The relation which the Indians sustain to the government of the United States is peculiar in its nature. Their independence, their rights, their title to the soil which they occupy, are all imperfect in their kind. Each tribe possesses many of the attributes of independence and sovereignty. They have their own forms of government, appoint their own rulers, in their own way, make their own laws, have their own customs and religion, and, without control, declare war and make peace, and regulate all other of their civil, religious and social affairs. The disposal of their lands is always done by formal Treaties between the government of the United States, and the tribe, or tribes, of whom the lands are purchased. They have no voice, no representation in our government; none of the rights of freemen, and participate with us in none of the privileges and blessings of civilized society. In all these respects Indians are strictly independent of the government and people of the United States. Yet the jurisdiction of the whole country which they inhabit, according to the established law of nations, appertains to the government of the United States; and the right of disposing of the soil, attaches to the power that holds the jurisdiction. Indians, therefore, have no other property in the soil of their respective territories, than that of mere occupancy. This is a common, undivided, property in each tribe. When a tribe, by Treaty, sell their territory, they sell only what they possess, which is, the right to occupy their territory, from which they agree to remove. The complete title to their lands rests in the government of the United States. The Indians, of course, cannot sell to one another, more than what they possess, that is the occupancy of their lands. Nor can they sell anything more than occupancy to individual white people. Indian conveyances give no title to the soil. This title can come only from the power that holds the jurisdiction.
Besides, the territory necessary to give support to any given number of people, in the hunter state, as it is designated, is vastly greater than is required to yield subsistence to the same number of people in the agricultural state. Here, again, the Indian title to their respective territories, is imperfect in another respect. When the hunter state, from whatever cause, is relinquished and the agricultural state adopted, the Indians are entitled to no more of their territories, so changed, than is requisite to give them, from cultivating the earth, a support equal to that which they derived from their whole territory in the hunter state. The advantages of the agricultural, over the hunter state, are presumed to be a just equivalent to the Indians for the lands they are constrained to resign to the civilized state. Such appear to be the established laws and doctrines of our general and state governments, in respect to our relation to the Indian tribes in our country, to their independence, their rights, and title to their lands. A few of the authorities, which support the foregoing statement, are given in the Appendix.1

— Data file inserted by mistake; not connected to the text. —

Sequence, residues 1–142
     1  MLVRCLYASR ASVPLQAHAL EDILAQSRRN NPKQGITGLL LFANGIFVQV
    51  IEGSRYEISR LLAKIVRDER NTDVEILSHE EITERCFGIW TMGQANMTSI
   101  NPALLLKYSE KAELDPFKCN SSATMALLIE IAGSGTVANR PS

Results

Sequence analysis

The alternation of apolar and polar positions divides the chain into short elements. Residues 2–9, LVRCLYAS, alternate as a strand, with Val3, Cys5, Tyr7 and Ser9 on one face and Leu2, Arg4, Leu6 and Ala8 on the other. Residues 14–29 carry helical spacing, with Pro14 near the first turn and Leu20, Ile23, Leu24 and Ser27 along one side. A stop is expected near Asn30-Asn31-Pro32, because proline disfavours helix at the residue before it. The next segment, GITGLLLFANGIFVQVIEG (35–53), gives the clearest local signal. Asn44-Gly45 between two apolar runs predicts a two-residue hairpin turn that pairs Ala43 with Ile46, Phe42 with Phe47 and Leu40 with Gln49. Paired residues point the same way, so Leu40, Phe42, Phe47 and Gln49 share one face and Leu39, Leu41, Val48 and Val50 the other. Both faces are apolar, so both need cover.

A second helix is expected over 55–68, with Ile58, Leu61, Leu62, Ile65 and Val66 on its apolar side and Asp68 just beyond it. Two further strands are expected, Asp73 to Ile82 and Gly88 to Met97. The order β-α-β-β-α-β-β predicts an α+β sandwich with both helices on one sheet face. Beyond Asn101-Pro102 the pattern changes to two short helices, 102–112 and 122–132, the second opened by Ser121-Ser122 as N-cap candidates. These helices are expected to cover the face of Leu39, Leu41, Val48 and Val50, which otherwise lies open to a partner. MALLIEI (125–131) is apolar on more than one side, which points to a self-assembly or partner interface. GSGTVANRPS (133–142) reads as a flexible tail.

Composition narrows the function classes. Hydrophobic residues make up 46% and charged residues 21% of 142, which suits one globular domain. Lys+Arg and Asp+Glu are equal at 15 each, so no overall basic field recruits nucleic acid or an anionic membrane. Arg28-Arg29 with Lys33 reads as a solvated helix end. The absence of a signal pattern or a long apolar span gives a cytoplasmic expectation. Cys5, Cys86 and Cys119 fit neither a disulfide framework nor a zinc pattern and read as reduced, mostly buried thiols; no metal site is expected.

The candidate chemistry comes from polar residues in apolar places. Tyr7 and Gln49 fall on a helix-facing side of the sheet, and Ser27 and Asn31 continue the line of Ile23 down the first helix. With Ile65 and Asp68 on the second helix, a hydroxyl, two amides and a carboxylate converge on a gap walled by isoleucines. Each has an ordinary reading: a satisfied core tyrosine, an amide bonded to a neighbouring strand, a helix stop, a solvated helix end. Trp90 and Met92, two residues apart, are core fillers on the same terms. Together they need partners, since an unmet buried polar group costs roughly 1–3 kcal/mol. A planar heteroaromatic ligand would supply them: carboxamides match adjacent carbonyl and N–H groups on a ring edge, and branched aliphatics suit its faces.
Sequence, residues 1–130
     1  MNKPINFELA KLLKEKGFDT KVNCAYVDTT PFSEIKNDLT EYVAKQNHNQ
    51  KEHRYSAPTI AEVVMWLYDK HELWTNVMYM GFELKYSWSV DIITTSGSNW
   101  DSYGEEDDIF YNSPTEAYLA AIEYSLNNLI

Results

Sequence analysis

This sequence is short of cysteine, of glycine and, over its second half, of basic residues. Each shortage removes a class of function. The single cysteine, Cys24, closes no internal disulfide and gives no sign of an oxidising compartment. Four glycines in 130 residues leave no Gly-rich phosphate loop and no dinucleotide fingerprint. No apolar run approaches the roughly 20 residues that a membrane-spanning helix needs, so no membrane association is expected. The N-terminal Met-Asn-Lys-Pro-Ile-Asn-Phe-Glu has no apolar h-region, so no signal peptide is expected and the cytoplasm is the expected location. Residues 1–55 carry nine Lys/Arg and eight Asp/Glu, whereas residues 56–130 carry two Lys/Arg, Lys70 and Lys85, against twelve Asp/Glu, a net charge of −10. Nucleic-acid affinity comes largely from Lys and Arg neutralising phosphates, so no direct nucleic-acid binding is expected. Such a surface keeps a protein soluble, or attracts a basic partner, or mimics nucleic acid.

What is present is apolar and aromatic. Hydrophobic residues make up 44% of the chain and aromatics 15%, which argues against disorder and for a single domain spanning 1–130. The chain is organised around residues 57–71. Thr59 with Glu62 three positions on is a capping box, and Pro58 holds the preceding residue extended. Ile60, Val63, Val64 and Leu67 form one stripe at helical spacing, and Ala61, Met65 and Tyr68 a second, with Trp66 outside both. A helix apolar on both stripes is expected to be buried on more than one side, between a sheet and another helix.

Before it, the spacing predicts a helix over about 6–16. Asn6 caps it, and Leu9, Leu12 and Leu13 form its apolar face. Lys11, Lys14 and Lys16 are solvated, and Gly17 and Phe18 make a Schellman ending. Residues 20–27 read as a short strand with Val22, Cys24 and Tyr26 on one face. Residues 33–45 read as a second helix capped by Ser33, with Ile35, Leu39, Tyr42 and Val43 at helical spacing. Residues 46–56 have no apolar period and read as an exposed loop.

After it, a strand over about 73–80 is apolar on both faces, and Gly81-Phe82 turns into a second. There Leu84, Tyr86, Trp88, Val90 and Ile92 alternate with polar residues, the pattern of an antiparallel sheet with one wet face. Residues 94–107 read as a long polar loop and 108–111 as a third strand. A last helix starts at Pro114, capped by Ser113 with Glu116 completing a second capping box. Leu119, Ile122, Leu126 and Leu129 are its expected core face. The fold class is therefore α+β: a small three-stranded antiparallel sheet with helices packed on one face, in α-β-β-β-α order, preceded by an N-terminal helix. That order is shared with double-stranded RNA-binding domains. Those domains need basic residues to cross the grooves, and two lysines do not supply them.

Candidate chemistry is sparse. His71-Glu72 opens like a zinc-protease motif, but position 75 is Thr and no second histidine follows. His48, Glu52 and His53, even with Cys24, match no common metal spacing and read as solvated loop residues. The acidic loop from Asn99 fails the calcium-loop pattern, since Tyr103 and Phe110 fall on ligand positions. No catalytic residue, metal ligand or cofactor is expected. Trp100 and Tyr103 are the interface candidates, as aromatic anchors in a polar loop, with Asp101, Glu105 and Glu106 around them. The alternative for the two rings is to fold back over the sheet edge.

I have stated the foregoing, as the established opinions concerning Indian titles to their lands, and have referred to the authorities given in the Appendix. The opinion there stated, of a majority of the Supreme Court of the United States, however, is very guardedly expressed on this point. “The Indian title,” the Court say, “is certainly to be respected, until it be legitimately extinguished.” But what constitutes a “legitimate” extinguishment of an Indian title? On this point we have not the opinion of the Court, further than may be inferred from the following clause. The Indian Title to their lands is not such “as to be ABSOLUTELY repugnant to seisin in fee, on the part of the state.” We may, I conceive, fairly infer from this important decision of the first Court in our nation, made after a full discussion by some of the ablest members of the American bar, that they had some hesitancy to say the least, in admitting the correctness of the common opinion on the subject of the Indian title to their lands. If their title were such as to be “repugnant to seisin in fee by the state,” it would of course follow, that their title and ours, to our lands respectively, is of the same nature, i. e. complete. But this is not, say the Court “absolutely” the fact. There is a difference in these titles; but in what it consists is not stated. The phraseology of the Court, though indefinite and inexplicit, clearly implies, that in their judgment this difference is small. It is not “absolutely repugnant” – but it is nearly so. The difference is less than has been usually considered. This decision, is obviously at variance, in a degree very important, with the principles which have governed in making all the vast purchases of Indian lands, which have hitherto been made. It is a decision highly favorable to the interests of the Indians; and if regarded, (and the decision of our highest Court must be regarded as the law of the land) in future purchases of their lands, will give them advantages, such as they have never before enjoyed, and will effect much toward conciliating that confidence and good feeling, which are indispensable to the success of our efforts for their benefit.
See App. I. i. ↩